Internal Medicine Fast-Tracking

Discussion in 'Clinical Rotations' started by task, Apr 3, 2002.

  1. task

    task Senior Member

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    This whole concept of fast-tracking into IM fellowship needs to be clarified.

    There are no "combined" IM/Cardiology, IM/GI or IM/(insert fellowship) tracks at all. I remember seeing something in my med school library a few years ago about some community program in Pittsburgh that let you do that, but I don't know if it exists any more or what the specifics of the program were. You do not officially match into combined programs in this day and time as a general rule. Programs may promise you stuff or work out things under the table to attract you to a given place, but nothing formal. The closest thing to combined IM/fellowship tracks that I know exist are fast-track setups where an individual with significant research experience prior to residency (like substantial research experience in a field or a PhD or something) works it out with the IM program director, subspecialty division chief, chair of the dept., etc. that he/she would be able to accelerate their IM training to be BC/BE in 2 years or so and start their first year of fellowship a year or so early. Two caveats: 1. the opportunity will depend on the fellowship, and 2. significant research means siginifcant research, and the likely intention of going on into a career in academic medicine.

    For example, I have worked with two residents this year who have fast tracked. One will finish his second year of IM residency and go onto ID fellowship somewhere else starting 7/2002. He has SIGNIFICANT #s of publications and has been working on a PhD in Epidemiology while in med school and residency. Also, given that ID is not the most competitive fellowship to get, this arrangement was not hard to work out -- they get a top notch researcher and clinician 1 year early who will come to their fellowship and be productive. Another resident I worked with was an MD/PhD and started his Endocrine fellowship in 1/2002 here as well after 2.5 years of residency. His PhD work was in molecular biology and he worked out his fast-track during his intern year -- a lab to plug into during his Endocrine fellowship, etc. He only has 1 clinical year in fellowship anyway, and he wants to teach/do research for a living.

    I was trolling departmental websites and saw Duke's GI division stating something to the effect that certain candidates would be eligible to fast-track into GI there, but the implicit assumption was that it would only be people who were IM training at Duke and who were already knee-deep in research interests.

    So fast tracking is possible, but it seems possible only for those who have the research credentials to validate their reasons for fast-tracking and it seems to work for those fellowships which are not known for having an onslaught of applicants. There are always exceptions, but these are few and far between.

    This post is based on what I've seen and heard, so if others have heard othwerwise, please post to that effect :)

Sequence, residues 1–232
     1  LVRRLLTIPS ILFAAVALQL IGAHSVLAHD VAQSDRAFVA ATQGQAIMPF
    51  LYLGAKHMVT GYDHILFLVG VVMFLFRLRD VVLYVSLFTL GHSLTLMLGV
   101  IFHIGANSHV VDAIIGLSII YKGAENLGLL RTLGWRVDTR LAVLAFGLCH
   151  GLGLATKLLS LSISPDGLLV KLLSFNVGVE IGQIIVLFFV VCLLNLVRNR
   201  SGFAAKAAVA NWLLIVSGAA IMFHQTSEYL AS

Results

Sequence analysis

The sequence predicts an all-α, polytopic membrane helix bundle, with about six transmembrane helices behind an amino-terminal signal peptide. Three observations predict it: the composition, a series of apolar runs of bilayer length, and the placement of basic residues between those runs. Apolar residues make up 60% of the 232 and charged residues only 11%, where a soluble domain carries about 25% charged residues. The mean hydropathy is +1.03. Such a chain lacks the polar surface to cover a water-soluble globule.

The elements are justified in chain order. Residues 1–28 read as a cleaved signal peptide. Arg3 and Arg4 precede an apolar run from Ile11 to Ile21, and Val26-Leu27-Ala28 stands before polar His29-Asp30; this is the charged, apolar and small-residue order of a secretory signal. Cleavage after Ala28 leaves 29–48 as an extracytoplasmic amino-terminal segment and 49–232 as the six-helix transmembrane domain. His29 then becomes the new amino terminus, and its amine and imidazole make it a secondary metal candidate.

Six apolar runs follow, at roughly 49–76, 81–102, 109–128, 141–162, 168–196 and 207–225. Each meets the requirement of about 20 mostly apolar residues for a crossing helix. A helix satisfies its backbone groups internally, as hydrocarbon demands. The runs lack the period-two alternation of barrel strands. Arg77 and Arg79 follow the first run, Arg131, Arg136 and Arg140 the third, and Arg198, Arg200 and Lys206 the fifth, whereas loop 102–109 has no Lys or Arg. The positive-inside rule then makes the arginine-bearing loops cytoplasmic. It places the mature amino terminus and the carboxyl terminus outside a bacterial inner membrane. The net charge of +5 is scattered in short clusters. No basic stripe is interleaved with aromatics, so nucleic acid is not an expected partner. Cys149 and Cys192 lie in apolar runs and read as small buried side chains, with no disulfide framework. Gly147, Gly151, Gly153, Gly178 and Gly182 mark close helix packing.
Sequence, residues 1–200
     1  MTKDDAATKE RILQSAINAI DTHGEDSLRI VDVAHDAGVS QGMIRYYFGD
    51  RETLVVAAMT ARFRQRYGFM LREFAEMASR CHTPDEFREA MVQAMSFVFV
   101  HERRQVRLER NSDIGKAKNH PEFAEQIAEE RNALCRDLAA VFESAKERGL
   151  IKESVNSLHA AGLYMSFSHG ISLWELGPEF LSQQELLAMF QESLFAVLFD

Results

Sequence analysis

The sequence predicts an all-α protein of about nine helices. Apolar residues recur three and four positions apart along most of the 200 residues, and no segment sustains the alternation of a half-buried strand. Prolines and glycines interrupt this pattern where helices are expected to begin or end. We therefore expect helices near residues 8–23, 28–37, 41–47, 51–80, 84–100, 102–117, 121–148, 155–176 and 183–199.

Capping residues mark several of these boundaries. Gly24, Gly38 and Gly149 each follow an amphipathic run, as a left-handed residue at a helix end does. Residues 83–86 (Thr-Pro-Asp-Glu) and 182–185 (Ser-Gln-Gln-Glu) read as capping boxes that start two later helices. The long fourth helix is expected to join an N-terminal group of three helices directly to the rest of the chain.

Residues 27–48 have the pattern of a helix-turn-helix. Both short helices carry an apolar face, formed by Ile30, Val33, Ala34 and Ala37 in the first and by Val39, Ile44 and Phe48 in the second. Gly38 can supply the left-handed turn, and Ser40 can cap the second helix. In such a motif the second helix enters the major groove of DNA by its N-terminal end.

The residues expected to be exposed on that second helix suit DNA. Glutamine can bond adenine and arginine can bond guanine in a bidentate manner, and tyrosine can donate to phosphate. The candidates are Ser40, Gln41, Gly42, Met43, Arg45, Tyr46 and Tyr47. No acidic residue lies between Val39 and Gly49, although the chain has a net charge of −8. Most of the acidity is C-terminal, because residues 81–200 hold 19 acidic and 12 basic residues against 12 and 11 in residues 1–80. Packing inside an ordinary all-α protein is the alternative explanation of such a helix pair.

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  3. navs

    navs Member

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    Great info.!!

    Thanks.
     
  4. leof

    leof New Member

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    There?s a combined program at Mayo called CI - Clinician Investigator. You match with both: IM residency and fellowship, but there are 2 years of research between residency and fellowship. In heme/onc and cardio this means 7 years.

    leo
     
  5. AJM

    AJM SDN Moderator
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    Good info. And to add onto that, for the most part fast-tracking isn't really fast-tracking at all. While you do one less year of IM residency, typically the requirement is that you have to do an extra research year during your fellowship, so you end up not saving time at all. I've never heard of anyone cutting a year from residency yet keeping the total length of their fellowship the same. While that option may very well be out there, it's my understanding that it's pretty rare.
     
  6. task

    task Senior Member

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    AJM --

    Good point about the sum total # of years. Not doing a third year of IM means an additional research year in fellowship. I don't understand (from a $$ standpoint) how the IM fellowships (like Cards) get away with essentially increasing the # of years of training while other fields (like some Gen Surg subs) have had to curtail years. I would think the only answer is that because the IM fellowships have research years, they are funded thru grants and other sources, not just the Feds.

    But I still think it matters. Many colleagues in my intern class are narrowing down fellowship choices now and many are taking the # of years to train into account. While I don't think it will have an immediate effect on #s of applicants, etc., just wait a few years.
     

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